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11-17-2008, 10:41 PM   #1
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k100d jpeg

Are you guy's happy with the jpeg quality the k100d produces or do you still post process the images? i always tweak the levels and apply a little unsharpmask to my images just to make it a little better co'z they look dull out of the camera or maybe it's my fault i'm still a newbie at using a dslr and also at photography.

sample images:

original photo out of the cam


post processed


11-18-2008, 08:22 AM   #2
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I used to have the k100 but upgraded to the k200 earlier in the year and I've been satisfied for the most part with jpg quality out of the camera. I'll do minimal post processing.

That said my photos are basically snapshots. There is no money being made through my camera and since my photography isn't there to put food on the table I don't want to spend a lot of time jacking with tons of photos. It's for this reason that I don't shoot in RAW.

On the rare occasions that I'll do a family portrait (such as a family portrait for Christmas cards for my sister in law) or portraits of neighbor's kids then I'll shoot RAW and spend more time in PP. For my own family and daily snapshots JPG from the camera is more than fine. Only you know what will satisfy you.
11-18-2008, 08:29 AM   #3
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Hope you don't mind, but I did a small touch up with you pic, For my taste I would crop out most of the left side as those elements are distracting and bring the focus to the two larger flowers. There is also a touch of brightening. I am far from an expert expert and I'm sure others will be able to give better advice.
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11-18-2008, 09:53 AM   #4
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I'm always a fan of post-processing. In the example you posted, though, it looks like the photo was somewhat underexposed, so you can't really blame the JPEG output as much as the exposure being off.

11-18-2008, 09:54 AM   #5
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I guess it depends on what the photos going to be used for. I don't shoot much jpg anymore...was OK with them mostly when I was doing it (usually did some sort of tweaking since I'm still learning quite a bit), but I've gotten pretty used to PP the raw files now, and adjusting them is much easier.
11-18-2008, 09:56 AM   #6
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Try shooting RAW, batch convert to Tiff using PPL with -1 contrast, -1 saturation and no sharpening (-3).

Open in favourite software. You now have a really great baseline to work with without having a file that is already sharpened and saved.
11-18-2008, 11:56 AM   #7
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I assume the lens is the 18-55mm? My copy underexposes like this.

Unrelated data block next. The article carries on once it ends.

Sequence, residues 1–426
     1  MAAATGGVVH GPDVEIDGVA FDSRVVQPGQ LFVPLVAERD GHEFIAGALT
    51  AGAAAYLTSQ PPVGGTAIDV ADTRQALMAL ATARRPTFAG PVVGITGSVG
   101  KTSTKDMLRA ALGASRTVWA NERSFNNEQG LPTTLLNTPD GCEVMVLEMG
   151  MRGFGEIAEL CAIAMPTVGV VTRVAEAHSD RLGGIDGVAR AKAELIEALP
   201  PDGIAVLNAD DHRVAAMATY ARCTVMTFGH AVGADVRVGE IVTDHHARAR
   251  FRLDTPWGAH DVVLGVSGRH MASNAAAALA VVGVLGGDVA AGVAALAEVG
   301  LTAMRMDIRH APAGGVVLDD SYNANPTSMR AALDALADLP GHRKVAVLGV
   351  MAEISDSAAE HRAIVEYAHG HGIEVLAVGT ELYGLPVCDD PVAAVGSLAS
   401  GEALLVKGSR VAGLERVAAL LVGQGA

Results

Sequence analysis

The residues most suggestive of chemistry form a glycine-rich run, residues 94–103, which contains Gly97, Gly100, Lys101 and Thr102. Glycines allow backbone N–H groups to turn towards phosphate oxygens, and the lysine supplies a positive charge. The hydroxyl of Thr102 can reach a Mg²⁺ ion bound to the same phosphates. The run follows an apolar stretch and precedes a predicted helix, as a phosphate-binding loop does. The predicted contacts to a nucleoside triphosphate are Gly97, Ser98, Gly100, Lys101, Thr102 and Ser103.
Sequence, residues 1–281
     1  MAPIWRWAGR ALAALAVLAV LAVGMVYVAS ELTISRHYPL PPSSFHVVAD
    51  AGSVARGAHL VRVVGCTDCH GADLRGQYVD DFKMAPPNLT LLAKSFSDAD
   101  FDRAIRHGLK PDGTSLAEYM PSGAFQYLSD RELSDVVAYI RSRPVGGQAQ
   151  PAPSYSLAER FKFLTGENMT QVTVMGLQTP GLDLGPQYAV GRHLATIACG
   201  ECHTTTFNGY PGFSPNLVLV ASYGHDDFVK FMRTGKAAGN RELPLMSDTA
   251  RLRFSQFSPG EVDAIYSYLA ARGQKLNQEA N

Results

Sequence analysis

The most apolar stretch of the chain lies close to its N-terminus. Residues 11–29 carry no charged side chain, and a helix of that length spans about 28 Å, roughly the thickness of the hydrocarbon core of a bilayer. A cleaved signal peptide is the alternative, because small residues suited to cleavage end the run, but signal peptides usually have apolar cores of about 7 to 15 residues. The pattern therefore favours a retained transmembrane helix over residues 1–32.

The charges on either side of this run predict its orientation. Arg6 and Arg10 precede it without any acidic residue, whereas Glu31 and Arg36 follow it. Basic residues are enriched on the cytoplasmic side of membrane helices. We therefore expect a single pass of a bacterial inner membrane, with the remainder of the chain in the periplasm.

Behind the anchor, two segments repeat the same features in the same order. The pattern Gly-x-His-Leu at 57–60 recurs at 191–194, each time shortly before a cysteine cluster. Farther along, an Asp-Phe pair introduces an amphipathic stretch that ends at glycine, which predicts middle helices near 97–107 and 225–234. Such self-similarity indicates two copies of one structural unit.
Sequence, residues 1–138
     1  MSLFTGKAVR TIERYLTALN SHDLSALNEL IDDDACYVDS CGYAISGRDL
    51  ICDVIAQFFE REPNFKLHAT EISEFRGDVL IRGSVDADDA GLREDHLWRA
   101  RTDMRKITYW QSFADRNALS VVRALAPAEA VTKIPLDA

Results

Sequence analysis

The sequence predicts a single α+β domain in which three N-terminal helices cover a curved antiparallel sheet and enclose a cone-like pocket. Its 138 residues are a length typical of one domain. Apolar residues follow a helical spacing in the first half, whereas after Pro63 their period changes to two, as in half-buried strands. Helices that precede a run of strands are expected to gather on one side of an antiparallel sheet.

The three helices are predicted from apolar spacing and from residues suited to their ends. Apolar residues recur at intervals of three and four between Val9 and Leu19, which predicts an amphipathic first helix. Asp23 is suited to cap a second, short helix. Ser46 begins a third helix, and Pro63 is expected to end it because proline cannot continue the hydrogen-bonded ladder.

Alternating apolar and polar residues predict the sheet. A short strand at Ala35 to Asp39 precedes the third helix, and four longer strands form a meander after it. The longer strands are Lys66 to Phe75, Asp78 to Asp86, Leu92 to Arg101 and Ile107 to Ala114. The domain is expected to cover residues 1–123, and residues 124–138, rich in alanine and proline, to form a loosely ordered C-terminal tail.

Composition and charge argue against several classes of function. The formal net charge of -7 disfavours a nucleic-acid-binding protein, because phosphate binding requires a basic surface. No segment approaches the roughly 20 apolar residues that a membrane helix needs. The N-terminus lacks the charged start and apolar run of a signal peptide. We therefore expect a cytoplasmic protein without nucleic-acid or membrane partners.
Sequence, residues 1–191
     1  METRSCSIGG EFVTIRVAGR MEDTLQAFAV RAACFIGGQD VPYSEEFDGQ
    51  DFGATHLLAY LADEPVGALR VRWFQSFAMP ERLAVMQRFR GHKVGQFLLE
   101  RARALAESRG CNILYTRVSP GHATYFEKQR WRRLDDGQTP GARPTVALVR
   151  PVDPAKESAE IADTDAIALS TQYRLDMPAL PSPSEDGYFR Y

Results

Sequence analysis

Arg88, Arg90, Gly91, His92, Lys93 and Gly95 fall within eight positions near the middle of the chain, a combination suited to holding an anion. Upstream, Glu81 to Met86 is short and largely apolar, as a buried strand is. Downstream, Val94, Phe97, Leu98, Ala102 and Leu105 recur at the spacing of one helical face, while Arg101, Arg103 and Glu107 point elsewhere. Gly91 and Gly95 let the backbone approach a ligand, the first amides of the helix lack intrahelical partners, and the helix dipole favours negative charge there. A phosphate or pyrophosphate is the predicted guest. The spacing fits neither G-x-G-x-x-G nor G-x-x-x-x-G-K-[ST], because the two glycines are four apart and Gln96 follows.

11-18-2008, 01:09 PM   #8
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QuoteOriginally posted by audiobomber Quote
I assume the lens is the 18-55mm? My copy underexposes like this.
This shot is *not* really underexposed in the technical sense - it averages out to a little darker than an 18% gray card, exactly as it should. However, it is a good example of a scene for which positive compensation would indeed be likely to yield a more aesthetically pleasing picture in most people's subjective opinion.

I'd personally have pushed the exposure half a stop in the camera, which may actually have clipped some highlights, but only barely. Then I'd have gone in and recovered the highlights if necessary in PP (I shoot RAW, so this would be possible - not so much so with JPEG). Then I'd look to see if I needed to tweak the curves to improve contrast. I do this quite a bit, but to my eye, the OP went a little too far.

In any case, assuming the the exact exposure and curves produced by the camera are the best possible results is foolish. Use out-of-camera JPEG if you like for the sake of convenience, but they'll *never* be optimal on any camera, because this stuff is just far too subjective.

11-18-2008, 02:19 PM   #9
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How do you have your settings in camera? I like a "well saturated" shot, so I bumped up my saturation, contrast and sharpness a touch as my default and liked the result. Play with your settings and see what you like. That's why they're there. Only you know what you like.
11-19-2008, 03:22 AM   #10
jdg
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My camera is set to contrast = hard, saturation = high saturation, sharpness = hard.
11-19-2008, 05:20 AM   #11
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QuoteOriginally posted by jdg Quote
Natural or bright? What's the lens? Do you have another lens to compare with?
11-19-2008, 09:38 PM   #12
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QuoteOriginally posted by dws1117 Quote
I don't want to spend a lot of time jacking with tons of photos. It's for this reason that I don't shoot in RAW.
You can convert RAW to jpg in a batch. Come back from dinner and it's done. If you want it even quicker, "Extract a Jpg" in Photo Browser (not Photo Lab). Make a cup of coffee and it's done :-) Open the ones that need more adjustments...

Even if you only "do" minimal processing with RAWs, an advantage is that there is a small file (filename.XMP) that is (or can be) saved that has the RAW processing parameters. You can rename these and create a series of different processes for the same image.

It is hard to "go back" with a jpg....

Last edited by SpecialK; 11-23-2008 at 11:58 AM.
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